This is the first meeting between these two teams this season and the first in almost a full calendar year. The Spurs have won five of the last six match ups and I can't keep my heart from aching with each defeat serving as a shivering reminder of what the hell happened in 2005, now eight years ago.
Game tips around 7:30 p.m. ET.
Detroit Pistons: 18-32 (13-14 home)
San Antonio Spurs: 39-11! (17-9 away)
The Spurs are maddening. Eight years after they beat the Pistons in the 2005 NBA Finals, they still rock the league's best record with that same core -- Tony Parker, Manu Ginobili and Tim Duncan. With some good drafting, some tinkering here and there and some luck, the Spurs have been able to admirably keep the party going, even if it hasn't resulted in another championship since 2007. (Oh my! 2007 was soooooo long ago, I was just a wee wittle lad!)
The window is closing on the Spurs' version of The Big Three, though, and nobody knows that better than Gregg Popovich, one of the greatest coaches in NBA history. Pop received flak and a fine earlier this season for resting his old guys in Miami, a nationally televised, otherwise meaningless, game and the Spurs' fourth game in five nights. (The Spurs were also sued.) The Spurs managed to hang with the Heat that night, losing 105-100, and went on to win their next five games and are 26-7 since then.
Even classic Popovich tactics couldn't prevent the injuries of two of his Big Three, though. Ginobili and Duncan have been hurt for the last six games or so and are doubtful to play on Friday night against the Pistons. And yet, the Spurs have still managed to rattle off, oh, only 11 straight wins. Two of the team's four best players are hurt and they have not missed a single beat. I guess that's called a cohesive team with a working system (and good players).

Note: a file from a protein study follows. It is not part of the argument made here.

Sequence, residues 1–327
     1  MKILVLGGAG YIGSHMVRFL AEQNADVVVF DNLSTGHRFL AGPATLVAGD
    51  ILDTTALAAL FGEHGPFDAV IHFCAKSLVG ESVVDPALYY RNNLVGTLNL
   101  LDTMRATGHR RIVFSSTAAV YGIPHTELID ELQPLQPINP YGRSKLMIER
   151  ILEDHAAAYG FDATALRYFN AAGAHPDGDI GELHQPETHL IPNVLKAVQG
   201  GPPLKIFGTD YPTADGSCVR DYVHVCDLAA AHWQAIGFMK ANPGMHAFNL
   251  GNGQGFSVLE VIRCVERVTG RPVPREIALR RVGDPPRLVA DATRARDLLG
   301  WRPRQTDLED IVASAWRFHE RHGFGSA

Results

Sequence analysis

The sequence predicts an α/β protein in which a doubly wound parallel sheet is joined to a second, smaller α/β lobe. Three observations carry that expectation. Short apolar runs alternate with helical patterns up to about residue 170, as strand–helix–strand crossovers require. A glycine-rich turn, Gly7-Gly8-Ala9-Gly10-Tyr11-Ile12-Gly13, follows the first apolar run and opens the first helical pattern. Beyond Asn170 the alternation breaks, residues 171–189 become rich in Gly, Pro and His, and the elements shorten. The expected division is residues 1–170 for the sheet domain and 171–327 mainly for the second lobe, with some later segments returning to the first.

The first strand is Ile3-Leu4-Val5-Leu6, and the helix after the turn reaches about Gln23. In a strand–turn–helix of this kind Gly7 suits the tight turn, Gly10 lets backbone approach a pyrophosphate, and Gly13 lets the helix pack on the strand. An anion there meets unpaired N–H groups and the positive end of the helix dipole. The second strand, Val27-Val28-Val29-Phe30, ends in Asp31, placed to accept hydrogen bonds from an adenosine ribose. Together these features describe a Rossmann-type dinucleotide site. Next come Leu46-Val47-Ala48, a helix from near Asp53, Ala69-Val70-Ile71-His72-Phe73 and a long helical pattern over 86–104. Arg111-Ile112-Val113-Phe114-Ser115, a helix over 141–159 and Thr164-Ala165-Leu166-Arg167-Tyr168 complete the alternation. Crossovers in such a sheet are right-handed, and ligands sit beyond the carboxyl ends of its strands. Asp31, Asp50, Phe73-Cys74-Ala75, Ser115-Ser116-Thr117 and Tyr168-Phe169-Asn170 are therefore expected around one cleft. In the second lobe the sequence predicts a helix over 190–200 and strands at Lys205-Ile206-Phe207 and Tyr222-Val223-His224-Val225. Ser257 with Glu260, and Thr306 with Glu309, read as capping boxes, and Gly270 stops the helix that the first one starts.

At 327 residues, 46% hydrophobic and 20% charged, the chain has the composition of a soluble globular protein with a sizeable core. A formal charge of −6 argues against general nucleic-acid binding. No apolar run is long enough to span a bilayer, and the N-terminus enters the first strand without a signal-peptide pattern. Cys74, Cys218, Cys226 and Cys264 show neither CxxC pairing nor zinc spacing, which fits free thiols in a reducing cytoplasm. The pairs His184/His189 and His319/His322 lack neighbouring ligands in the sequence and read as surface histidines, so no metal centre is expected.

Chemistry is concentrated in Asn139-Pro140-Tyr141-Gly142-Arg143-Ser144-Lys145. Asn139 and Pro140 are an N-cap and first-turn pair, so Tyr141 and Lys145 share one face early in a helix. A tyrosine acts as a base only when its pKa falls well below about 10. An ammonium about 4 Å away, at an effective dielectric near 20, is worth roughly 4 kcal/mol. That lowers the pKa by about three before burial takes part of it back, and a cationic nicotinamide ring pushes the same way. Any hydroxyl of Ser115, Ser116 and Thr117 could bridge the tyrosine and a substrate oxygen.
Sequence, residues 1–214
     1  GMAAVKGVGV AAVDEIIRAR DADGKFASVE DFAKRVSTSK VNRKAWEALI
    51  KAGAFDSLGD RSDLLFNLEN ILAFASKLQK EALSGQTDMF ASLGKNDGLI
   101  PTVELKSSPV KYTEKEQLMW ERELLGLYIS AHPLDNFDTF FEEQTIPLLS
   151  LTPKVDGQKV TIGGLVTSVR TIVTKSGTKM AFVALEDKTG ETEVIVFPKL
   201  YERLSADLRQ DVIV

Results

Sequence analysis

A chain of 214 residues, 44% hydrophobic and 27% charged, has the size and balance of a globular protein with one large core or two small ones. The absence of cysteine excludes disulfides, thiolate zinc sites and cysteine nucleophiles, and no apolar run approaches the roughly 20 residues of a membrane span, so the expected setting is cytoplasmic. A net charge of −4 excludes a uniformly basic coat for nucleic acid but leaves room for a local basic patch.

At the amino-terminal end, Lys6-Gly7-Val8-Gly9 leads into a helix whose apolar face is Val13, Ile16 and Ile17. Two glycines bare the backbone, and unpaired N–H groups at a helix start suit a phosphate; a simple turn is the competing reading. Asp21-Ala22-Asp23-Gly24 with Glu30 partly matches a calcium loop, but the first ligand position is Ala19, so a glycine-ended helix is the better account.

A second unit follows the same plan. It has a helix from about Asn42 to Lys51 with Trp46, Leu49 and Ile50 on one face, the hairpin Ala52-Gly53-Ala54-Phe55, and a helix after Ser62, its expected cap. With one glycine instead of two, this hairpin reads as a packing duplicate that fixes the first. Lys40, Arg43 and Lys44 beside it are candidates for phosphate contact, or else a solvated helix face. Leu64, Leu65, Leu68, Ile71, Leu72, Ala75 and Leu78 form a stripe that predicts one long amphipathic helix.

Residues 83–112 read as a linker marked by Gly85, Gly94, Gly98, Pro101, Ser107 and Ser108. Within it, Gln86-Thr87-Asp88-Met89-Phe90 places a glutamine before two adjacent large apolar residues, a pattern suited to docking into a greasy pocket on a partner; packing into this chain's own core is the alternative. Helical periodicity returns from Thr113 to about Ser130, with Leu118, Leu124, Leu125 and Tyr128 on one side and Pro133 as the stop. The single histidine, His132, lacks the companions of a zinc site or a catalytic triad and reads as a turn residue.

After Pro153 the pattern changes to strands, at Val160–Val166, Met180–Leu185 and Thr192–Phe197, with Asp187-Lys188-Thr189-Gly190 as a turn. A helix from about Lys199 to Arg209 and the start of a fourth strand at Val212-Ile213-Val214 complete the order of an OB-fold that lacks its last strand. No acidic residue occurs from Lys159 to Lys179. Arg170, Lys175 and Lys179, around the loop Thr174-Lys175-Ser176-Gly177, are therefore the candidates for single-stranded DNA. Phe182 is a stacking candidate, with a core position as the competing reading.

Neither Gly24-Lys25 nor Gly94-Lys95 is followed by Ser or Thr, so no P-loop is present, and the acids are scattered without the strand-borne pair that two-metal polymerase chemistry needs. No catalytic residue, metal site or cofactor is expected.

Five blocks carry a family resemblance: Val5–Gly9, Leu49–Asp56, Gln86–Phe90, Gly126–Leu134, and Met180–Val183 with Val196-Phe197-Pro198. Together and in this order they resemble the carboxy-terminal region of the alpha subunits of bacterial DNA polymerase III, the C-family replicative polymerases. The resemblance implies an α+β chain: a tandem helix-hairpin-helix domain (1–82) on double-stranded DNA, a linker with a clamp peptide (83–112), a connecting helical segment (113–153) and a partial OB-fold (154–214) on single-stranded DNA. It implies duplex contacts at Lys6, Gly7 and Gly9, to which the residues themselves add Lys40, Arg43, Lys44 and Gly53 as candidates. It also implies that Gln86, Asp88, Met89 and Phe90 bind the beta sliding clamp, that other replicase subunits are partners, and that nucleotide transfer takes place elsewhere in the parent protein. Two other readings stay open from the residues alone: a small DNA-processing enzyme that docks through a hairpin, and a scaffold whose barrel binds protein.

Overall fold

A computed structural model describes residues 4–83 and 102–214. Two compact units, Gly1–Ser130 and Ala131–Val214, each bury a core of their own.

The biggest reason for the Spurs' success is the great Tony Parker, who has been an absolute stud in the middle of his prime. He is currently on pace to best the season he had in leading the Spurs to that 2007 'ship and is killing it during this 11-game winning streak, putting up over 23 points on 58-percent shooting and 9.3 assists per game. Parker doesn't always do his best work against the Pistons, falling below most of his career averages in 20 games, but he frightens me Friday night.
I'm not a huge Parker fan. He's pesky, French and cheated on Eva Longoria, allegedly, and in December, he joked that the Spurs were the new 'Bad Boys.' I don't like jokes like that. But he's very good at basketball and also grossly underrated in my mind. The Spurs will go as far as Parker takes them. On Friday, it will likely be to their 12th straight win.
Keys to the game
Stop Tony Parker? I don't know if I made myself clear enough above, but he's going to be the source of the Spurs' success. Jose Calderon is going to have his hands full, so the Pistons are going to need to help him out with timely help defense and a tranquilizer.
Go Green, deny Danny Green: Green is coming off a career high 28-point performance in which he hit eight threes. He is hitting 44-percent of his long bombs during the Spurs' 11-game winning streak and 59-percent of them over his last five games. Don't let him touch the ball beyond the arc. Don't even let him look at it.
Brandon Knight: As frustratingly inconsistent Knight is, the Pistons are a much, much better team when he plays well (4-0 this year when he has a Game Score over 17). I think it's still way too early to write off Knight, but he needs to show up in his third game as the team's starting shooting guard if the Pistons are going to have any chance of winning.